VirZoom Wants You to Get in Shape Using Virtual Reality

23 Dec 2015 | Author: | No comments yet »

Burning the Calories by working out with Virtual Reality Bike VirZOOM.

Using virtual reality, VirZoom lets you exercise while setting new gaming records. The worlds of gaming, sports, live music, commerce and adult entertainment are all primed for a revolutionary consumption shift with the advent of virtual reality (VR).

A new stationary bike from Boston startup VirZoom requires an unusual accessory while you’re pedalling: a virtual reality headset, so you can turn your workout into a virtual adventure.is a VR startup based in Cambridge, Massachusetts, which indulges you in an immersive world of video games as you trade your sweat beads while pedaling on a static bike.We have had a go ourselves on PlayStation VR and have found the technology amazing, making you feel like you’re literally living within the game world. Pedal to propel yourself through immersive games: power a horse in a race, a tank in battle, or a fire-breathing dragon through the mountains. “The VirZoom team has created a unique VR game platform that turns the stationary exercise bike inside out,” CTO Eric Malafeew said in a statement. “Rather than distracting you with a 2D screen experience, we harness the intense immersive power of VR to make you move so you get a workout without feeling like you’re working out at all.” The foldable bike is powered by you—er, your legs.

Last week, I pulled an Oculus developer headset over my eyes and settled onto the bicycle, which will retail for $250 (about Rs.16,578) when it ships next year. But there are fears that the VR push could end up being another flash-in-the-pan gimmick like 3D telly, which many now believe has died a death, and motion sensor gaming like with the original faded Wii console. “When you remember 3D TV and 3D stereoscopic gaming, every single game, or even movie, pretty much the experience was the same as playing on your regular TV except for there’s a little bit of depth inside the TV. “The relationship between the player and the TV was exactly the same and unfortunately – this was actually a technical limitation that I was personally disappointed in. “Because the tech was such that in many cases, there were compromises, or a choice where when you get the depth of 3D stereoscopic tech for games, you could lose either resolution or framerate, and that’s a huge trade-off. “In addition to pretty much the same games, only instead we were playing using 3D stereoscopic tech, we had to put up with some lost framerate or responses, or the resolution in exchange for added depth inside the TV.” He added: “Virtual-reality tech allows, for the first time in the history of games, developers to put the player inside the game, not in front of the TV outside of the game’s walls. “The other thing is that, in a lot of the cases of peripherals, either they’re tied to one game or they’re tied to one company and they aren’t really compatible with anything else, so you have one company trying to get a bunch of content made for this one device and that’s asking quite a bit of a game developer for that to happen. “We’ve tried, and in some cases have been successful, in some cases not. Virtual reality, nestled under your tree, for the low, low price of only $99 (plus the $500 Samsung smartphone you need to actually power the Gear VR headset).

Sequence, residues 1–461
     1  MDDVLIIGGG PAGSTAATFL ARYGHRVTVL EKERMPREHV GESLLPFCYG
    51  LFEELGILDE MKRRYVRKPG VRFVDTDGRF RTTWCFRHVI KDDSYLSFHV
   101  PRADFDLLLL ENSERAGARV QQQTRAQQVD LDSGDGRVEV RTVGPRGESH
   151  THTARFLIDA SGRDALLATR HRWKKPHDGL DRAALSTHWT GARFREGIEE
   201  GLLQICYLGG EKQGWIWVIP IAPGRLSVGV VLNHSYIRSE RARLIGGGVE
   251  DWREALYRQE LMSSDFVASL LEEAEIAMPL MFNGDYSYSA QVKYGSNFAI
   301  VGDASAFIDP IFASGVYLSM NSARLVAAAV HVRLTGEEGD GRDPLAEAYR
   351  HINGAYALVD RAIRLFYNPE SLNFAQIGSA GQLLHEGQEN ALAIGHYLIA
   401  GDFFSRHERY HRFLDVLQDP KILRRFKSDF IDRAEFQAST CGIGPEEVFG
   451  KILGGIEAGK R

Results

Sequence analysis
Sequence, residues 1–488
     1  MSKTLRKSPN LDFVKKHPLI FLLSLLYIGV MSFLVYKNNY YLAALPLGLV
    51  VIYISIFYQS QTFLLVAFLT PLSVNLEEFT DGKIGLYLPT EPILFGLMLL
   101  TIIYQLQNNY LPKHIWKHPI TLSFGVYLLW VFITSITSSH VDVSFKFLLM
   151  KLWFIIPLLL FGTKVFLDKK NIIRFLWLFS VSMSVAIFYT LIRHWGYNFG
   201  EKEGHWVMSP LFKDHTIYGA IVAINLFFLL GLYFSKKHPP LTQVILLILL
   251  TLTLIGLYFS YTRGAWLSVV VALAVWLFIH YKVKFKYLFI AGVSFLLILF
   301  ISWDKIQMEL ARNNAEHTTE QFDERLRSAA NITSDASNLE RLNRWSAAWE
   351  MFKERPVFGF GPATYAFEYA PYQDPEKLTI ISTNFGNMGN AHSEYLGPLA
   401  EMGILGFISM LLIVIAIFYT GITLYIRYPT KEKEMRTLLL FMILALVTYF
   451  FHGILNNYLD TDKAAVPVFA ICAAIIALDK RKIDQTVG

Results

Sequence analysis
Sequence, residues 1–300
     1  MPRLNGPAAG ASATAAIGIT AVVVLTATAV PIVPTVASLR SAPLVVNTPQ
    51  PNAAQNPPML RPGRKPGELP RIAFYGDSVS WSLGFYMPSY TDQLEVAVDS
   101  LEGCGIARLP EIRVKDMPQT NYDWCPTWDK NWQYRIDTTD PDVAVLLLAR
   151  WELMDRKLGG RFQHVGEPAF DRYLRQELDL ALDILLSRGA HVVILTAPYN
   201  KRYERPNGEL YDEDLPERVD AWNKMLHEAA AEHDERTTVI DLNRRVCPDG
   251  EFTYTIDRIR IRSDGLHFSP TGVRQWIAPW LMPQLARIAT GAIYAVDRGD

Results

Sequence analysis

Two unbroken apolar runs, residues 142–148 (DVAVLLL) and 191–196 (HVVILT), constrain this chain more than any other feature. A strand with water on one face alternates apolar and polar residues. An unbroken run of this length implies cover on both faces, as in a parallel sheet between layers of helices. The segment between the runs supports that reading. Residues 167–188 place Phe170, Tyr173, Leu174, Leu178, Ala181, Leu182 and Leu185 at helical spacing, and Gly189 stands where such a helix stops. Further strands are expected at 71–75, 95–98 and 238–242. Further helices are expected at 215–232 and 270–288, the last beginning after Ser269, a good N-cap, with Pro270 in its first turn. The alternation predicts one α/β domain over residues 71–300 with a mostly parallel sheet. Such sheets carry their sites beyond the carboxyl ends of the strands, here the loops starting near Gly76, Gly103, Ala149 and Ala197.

With several virtual reality headsets for consumers coming out this year — including Oculus’s anticipated ‘Rift’ — excitement is growing around applications like gaming. They have some level of success. “But in this case, there are multiple platforms for VR that are occurring simultaneously, so a content developer can make things and potentially see it go across multiple platforms, and that helps them out a lot. This “VR,” dubbed “mobile VR,” relative to true VR, is like thinking of your car phone (brick phone) relative to today’s powerful smartphone.